GerbilSoft, on 23 September 2011 - 10:32 PM, said:
The 512 KB code limitation is actually due to an error in Gens, and isn't a limitation in hardware. The problem in this case is that Starscream (Gens' 68000 emulator) has two fetch functions: one for instruction fetch and one for data fetch. The data fetch function is properly managed by Gens' SSF2 mapper, but the instruction fetch function is not. Hence, if you have any banks swapped out, executing code there will act like the bank isn't swapped, which can cause weird issues. (I recommended the first 512 KB because that's guaranteed to not be swapped.)
I will eventually fix this limitation in Gens/GS II. I don't think Kega or Regen have this issue, and the real system obviously doesn't.
If you end up putting code in a swappable area, that's fine. It'll break on older Gens, but it'll give me a test case to fix the SSF2 instruction fetch mapping in Gens/GS II.
(tl;dr version; if you execute code in a ROM bank that's been swapped with another bank, it will break on Gens and most Gens derivatives, but should work on Kega, Regen, and actual hardware.)
Great, thanks for the explanation. Here's a memory map of Sonic VR, taken straight from my notes. As you can see, I didn't manage to fit all the code into the first 512KB (bank 0). However, my "music playing area" is in banks 1-3, so these are the ones that get swapped in and out. The rest of the game code comes after this in bank 4, so I don't think I'll actually hit this issue. Is that right?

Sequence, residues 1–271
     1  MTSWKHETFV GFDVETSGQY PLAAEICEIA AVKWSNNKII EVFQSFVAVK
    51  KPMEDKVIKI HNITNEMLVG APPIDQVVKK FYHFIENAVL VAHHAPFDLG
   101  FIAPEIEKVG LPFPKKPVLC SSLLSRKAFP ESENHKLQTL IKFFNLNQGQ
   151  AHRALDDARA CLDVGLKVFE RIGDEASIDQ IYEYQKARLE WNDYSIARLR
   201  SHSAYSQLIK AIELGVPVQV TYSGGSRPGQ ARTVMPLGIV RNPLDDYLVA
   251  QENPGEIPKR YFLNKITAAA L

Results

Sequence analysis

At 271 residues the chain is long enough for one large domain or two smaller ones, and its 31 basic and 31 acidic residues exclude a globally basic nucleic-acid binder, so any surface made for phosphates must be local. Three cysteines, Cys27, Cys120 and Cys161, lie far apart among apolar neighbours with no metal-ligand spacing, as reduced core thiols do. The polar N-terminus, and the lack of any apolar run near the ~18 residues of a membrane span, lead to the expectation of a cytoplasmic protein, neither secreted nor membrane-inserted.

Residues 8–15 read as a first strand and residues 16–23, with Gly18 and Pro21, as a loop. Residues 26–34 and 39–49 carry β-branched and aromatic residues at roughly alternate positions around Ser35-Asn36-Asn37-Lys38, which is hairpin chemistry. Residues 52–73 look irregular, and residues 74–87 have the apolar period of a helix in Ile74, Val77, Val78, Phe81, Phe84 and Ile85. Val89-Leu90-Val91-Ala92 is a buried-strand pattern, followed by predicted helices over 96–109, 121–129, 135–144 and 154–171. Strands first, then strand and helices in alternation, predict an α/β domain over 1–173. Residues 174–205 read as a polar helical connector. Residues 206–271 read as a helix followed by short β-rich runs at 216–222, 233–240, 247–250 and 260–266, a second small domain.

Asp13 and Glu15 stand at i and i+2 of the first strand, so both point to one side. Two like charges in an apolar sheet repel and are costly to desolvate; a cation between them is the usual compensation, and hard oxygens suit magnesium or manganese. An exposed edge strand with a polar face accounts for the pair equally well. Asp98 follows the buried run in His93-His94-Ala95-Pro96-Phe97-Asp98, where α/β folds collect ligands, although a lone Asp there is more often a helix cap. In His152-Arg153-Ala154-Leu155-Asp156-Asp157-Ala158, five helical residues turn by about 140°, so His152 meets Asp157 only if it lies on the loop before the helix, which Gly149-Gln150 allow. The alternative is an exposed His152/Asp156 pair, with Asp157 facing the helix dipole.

;0 0x000000 - 0x07FFFF Sonic 2 code, Sonic VR sound driver, art & 01_mermaid
;1 0xA130F3: 0x080000 - 0x0FFFFF 01_mermaid
;2 0xA130F5: 0x100000 - 0x17FFFF 01_mermaid
;3 0xA130F7: 0x180000 - 0x1FFFFF 01_mermaid
;4 0xA130F9: 0x200000 - 0x27FFFF Sonic 1 objects, Sonic VR code, art & 03_mess
;5 0xA130FB: 0x280000 - 0x2FFFFF 03_mess
;6 0xA130FD: 0x300000 - 0x37FFFF 03_mess
;7 0xA130FF: 0x380000 - 0x3FFFFF 00_helix_nebula
;8 0x400000 - 0x47FFFF 00_helix_nebula
;9 0x480000 - 0x4FFFFF 00_helix_nebula & 02_blackout_city
;A 0x500000 - 0x57FFFF 02_blackout_city
;B 0x580000 - 0x5FFFFF 02_blackout_city
By the way, if anybody's considering using bankswitching in their own hack, it's really easy to do (although it doesn't seem to be well documented online for some reason, which is why I'm mentioning it here). The ROM is divided into 512KB banks, so a ROM with the maximum size of 4MB will have banks 0-7. These are represented by the odd numbered 0xA130F# registers you can see above. If I want to get to banks 8-$B (the remaining four banks between 4MB and 6MB), I just move the bank number that I want to access into the register that corresponds to the address range I want to use to access it. For example, to play track 0 - Helix Nebula, I just do this:
And then tell the sound driver to start playing from address 0x080000. Simple!
The register 0xA130F1 doesn't appear on the list above because the first bank can't be switched. However, if you've used SRAM in your hack you'll have seen it before. That's because it's used for a slightly different type of bankswitching - setting a 1 here will cause the address range 0x200000-0x3FFFFF to represent RAM instead of ROM, allowing you to write values here to be saved in SRAM. Set 0xA130F1 back to 0 to have this address range behave as normal again.